Show Choirs Impress Judges and Audiences for Big Wins


Showtime 2018 (photo by Richard Stafford)


Cannon Bosarge, solo winner

Jackson Academy’s show choirs began their competition season Friday and Saturday on a high note. JA’s Middle School and Upper School groups delivered impressive performances that yielded enthusiastic applause, accolades, and the judges’ top award for Encore at Jackson Prep’s Show Choir Masters Competition.



Showtime earned first runner up in the Large Division for middle school show choirs. Cannon Bosarge won first place in the middle school solo competition.

Showtime is under the direction of Amy Arinder with Megan Rowan as accompanist. The group’s program is choreographed by Kevin Chase and Nick Quamme.



Encore 2018 (photo by Richard Stafford)



Encore captured first place in the Large Division for upper school show choirs. Then the group “swept” the competition in finals, meaning the show choir won every category, taking home Best Vocals , Best Visuals, Best Show Design, and Best Costumes . To end the evening, in overall competition among all divisions, Encore was named Grand Champion. Latham Nance earned first place in the high school solo competition.


Encore after the big win


Latham Nance, solo winner


Encore is under the direction of Katie Shores, with accompanist Nancy Cheney, and choreography by Kevin Chase and Nick Quamme.

To see Encore and Showtime, as well as many other impressive show choirs from our state, come to JA for the Jackson Academy Showchoir Invitational this weekend. Click this link for the weekend schedule that begins Friday, February 2.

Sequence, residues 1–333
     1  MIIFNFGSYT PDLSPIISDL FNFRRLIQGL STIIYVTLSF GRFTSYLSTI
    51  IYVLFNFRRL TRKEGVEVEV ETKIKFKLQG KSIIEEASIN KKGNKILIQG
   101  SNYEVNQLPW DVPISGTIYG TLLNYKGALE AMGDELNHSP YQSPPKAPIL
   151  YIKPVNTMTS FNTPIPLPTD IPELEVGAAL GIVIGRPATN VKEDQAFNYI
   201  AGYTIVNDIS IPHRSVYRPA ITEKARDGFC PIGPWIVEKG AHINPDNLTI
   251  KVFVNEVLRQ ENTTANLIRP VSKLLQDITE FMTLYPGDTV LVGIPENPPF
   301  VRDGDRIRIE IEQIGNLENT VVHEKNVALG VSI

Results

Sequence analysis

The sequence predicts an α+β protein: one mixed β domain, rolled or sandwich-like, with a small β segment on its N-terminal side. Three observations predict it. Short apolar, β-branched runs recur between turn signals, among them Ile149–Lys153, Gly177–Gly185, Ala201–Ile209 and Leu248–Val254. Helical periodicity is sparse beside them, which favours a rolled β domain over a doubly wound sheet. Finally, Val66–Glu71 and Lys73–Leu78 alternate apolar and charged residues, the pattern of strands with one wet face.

Both of JA’s show choirs will continue their competition seasons with the following appearances:
February 9-10 – Opelika, Alabama
February 16-17 – West Jones
February 24 – Auburn, Alabama (Encore only)
March 2 – Oak Grove (Showtime only)
March 24 – Heart of America, Orlando, Florida (Encore only)

Jackson Academy Establishes Student-Led Honor Code


When faced with a difficult moral or ethical decision, what rudder do students use for guidance? At Jackson Academy, students now have an Honor Code and Pledge.

The new student-governed Honor Code at JA expresses the values of the school community and helps students and adults strive toward personal honor and integrity in all dimensions of school life.

“An honor code is a statement about what this school community thinks about itself, and the standards to which it believes we all should be held accountable,” said JA Head of School Jack Milne, who helped spearhead the Honor Code at JA and at his previous educational institution, The Bolles School in Florida. “That is something a truly great school does, and what we will do if we believe in our mission of helping create lives of purpose and significance.”

A committee made up of students, faculty, parents, and administrators met during the fall 2017 semester to envision and develop the implementation of a formalized Honor Code. Three student members of the committee introduced the concept to students in eighth through twelfth grades at a convocation on Wednesday, January 23.